Effects of exercise training on airway closure in asthmatics

Nicola Scichilone, Giuseppe Morici, Daniele Zangla, Rita Arrigo, Irene Cardillo, Vincenzo Bellia, Maria Rosaria Bonsignore

Research output: Contribution to journalArticlepeer-review

Abstract

We previously reported that responsiveness to methacholine (Mch) in the absence of deep inspiration (DI) decreased in healthy subjects after a short course of exercise training. We assessed whether a similar beneficial effect of exercise on airway responsiveness could occur in asthmatics. Nine patients (male/female: 3/6; mean age ± SD: 24 ± 2 yr) with mild untreated asthma [forced expiratory volume in 1 s (FEV1): 100 ± 7.4% pred; FEV1/vital capacity (VC): 90 ± 6.5%] underwent a series of single-dose Mch bronchoprovocations in the absence of DI in the course of a 10-wk training rowing program (6 h/wk of submaximal and maximal exercise), at baseline (week 0), and at week 5 and 10. The single-dose Mch was established as the dose able to induce ≥15% reduction in inspiratory vital capacity (IVC) and was administered to each subject at every challenge occasion. Five asthmatics (male/ female: 1/4; mean age ± SD: 26 ± 3 yr) with similar baseline lung function (FEV1: 102 ± 7.0% predicted; FEV1/VC: 83 ± 6.0%; P = 0.57 and P = 0.06, respectively) not participating in the exercise training program served as controls. In the trained group, the Mchinduced reduction in IVC from baseline was 22 ± 10% at week 0, 13 ± 11% at week 5 (P = 0.03), and 11 ± 8% at week 10 (P = 0.028). The Mch-induced reduction in FEV1 did not change with exercise (P = 0.69). The reduction in responsiveness induced by exercise was of the same magnitude of that previously obtained in healthy subjects (50% with respect to pretraining). Conversely, Mch-induced reduction in IVC in controls remained unchanged after 10 wk (%reduction IVC at baseline: 21 ± 20%; after 10 wk: 29 ± 14%; P = 0.28). This study indicates that a short course of physical training is capable of reducing airway responsiveness in mild asthmatics.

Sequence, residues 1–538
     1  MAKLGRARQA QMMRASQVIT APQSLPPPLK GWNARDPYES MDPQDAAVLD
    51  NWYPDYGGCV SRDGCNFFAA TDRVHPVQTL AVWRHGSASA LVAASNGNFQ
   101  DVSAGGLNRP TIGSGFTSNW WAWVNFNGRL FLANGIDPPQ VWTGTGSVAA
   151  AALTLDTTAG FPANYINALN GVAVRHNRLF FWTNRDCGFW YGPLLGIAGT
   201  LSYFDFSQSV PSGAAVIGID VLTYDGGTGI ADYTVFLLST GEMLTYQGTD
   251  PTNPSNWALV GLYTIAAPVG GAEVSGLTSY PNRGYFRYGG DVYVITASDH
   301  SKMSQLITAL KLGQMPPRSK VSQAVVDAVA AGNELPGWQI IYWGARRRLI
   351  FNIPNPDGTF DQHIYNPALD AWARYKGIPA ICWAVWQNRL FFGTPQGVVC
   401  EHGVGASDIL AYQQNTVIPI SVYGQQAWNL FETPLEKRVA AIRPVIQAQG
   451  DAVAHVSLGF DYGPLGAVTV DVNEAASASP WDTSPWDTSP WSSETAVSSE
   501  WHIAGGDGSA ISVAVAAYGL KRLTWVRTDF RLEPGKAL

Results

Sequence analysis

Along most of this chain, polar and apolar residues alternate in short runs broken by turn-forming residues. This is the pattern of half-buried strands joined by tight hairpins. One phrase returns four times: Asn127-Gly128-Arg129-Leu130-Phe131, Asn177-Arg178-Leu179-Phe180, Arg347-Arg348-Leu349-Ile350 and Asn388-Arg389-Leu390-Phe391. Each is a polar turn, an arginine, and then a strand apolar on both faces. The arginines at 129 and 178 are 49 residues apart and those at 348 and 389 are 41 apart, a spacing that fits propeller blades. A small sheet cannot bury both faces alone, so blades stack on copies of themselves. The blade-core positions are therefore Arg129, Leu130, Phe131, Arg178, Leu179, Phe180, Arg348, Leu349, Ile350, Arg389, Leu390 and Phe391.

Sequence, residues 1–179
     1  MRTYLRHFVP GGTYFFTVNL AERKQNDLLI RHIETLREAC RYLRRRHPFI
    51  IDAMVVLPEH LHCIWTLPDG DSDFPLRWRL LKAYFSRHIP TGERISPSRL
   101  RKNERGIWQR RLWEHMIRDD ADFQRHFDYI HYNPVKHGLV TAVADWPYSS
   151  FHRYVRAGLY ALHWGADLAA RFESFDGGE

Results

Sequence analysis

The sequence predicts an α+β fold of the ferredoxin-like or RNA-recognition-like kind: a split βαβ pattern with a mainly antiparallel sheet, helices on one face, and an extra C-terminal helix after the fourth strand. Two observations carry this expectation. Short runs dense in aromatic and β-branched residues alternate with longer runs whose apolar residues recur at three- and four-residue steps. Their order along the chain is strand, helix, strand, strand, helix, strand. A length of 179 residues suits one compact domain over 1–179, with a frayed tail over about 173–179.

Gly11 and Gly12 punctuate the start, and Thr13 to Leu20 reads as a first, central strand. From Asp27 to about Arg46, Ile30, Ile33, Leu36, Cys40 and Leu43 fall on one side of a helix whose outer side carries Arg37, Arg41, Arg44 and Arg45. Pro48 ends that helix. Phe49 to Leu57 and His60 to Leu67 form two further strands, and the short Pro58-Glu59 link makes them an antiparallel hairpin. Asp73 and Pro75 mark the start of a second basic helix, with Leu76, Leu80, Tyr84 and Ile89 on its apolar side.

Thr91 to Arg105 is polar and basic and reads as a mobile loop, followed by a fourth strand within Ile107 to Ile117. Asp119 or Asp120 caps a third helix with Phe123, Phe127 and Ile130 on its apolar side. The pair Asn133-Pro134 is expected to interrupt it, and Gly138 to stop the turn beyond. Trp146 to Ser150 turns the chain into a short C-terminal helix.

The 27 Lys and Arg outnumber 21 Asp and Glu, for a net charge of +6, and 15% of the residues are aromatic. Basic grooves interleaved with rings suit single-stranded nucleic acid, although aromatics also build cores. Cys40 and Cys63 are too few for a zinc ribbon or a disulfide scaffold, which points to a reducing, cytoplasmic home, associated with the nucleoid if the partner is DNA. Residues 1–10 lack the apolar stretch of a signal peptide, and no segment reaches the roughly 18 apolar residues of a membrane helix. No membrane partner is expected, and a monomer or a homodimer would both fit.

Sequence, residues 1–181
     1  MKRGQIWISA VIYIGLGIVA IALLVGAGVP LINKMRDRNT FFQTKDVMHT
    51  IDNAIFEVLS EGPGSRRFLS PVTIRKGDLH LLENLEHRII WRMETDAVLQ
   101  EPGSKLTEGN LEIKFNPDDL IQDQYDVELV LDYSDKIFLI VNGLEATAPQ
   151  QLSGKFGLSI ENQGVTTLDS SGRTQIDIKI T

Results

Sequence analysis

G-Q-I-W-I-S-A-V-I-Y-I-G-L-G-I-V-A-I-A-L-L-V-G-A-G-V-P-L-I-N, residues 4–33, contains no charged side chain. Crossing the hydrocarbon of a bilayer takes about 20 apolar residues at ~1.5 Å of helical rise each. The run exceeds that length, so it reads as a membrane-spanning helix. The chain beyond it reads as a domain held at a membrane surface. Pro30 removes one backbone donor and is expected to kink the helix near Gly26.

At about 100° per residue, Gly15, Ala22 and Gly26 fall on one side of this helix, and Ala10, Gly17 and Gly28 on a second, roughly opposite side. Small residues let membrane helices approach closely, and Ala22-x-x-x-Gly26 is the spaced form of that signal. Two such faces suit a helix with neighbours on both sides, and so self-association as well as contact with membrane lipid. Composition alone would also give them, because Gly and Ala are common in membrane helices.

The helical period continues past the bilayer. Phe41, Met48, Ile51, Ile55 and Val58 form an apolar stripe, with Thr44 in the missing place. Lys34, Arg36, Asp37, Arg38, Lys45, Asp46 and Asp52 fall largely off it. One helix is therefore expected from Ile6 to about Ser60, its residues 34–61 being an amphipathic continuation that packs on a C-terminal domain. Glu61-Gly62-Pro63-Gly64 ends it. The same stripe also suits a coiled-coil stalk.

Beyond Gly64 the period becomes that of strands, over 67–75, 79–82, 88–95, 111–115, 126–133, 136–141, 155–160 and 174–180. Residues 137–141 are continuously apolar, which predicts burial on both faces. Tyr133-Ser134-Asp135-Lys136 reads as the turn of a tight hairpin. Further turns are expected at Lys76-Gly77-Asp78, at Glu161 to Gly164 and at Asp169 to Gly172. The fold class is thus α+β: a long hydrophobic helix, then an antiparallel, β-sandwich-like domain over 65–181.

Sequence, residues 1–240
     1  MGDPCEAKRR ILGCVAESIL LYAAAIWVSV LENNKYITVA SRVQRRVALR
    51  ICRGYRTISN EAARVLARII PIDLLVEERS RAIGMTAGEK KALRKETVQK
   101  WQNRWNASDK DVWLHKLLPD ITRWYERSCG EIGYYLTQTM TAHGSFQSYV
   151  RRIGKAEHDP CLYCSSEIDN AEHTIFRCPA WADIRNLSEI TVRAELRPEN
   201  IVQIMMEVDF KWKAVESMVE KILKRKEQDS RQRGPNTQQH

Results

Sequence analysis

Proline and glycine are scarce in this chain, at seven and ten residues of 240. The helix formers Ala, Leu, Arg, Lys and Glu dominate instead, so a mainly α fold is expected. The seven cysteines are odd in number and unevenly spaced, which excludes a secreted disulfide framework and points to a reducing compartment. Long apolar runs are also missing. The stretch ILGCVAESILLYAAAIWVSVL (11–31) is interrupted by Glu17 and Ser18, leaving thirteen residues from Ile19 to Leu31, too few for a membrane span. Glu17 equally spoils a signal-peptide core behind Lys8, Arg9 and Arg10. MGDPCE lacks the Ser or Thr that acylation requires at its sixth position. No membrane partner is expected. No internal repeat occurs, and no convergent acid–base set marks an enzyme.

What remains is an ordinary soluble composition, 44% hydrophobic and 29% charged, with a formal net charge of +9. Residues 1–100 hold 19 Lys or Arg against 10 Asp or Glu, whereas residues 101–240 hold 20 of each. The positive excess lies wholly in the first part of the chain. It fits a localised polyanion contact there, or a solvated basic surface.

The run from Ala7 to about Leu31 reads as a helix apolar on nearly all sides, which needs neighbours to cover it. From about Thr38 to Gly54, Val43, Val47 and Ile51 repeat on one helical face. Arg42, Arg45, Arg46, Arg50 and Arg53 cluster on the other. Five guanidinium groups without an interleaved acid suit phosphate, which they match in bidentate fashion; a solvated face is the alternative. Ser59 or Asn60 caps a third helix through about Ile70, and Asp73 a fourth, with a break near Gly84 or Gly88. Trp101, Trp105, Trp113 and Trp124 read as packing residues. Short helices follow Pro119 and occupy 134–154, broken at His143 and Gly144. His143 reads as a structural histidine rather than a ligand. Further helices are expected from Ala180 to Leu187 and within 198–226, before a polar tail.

Original languageEnglish (US)
Pages (from-to)714-718
Number of pages5
JournalJournal of applied physiology
Volume113
Issue number5
DOIs
StatePublished - Sep 1 2012

Keywords

  • Asthma
  • Bronchoprovocation test
  • Deep inspiration
  • Physical training

ASJC Scopus subject areas

  • Physiology
  • Physiology (medical)

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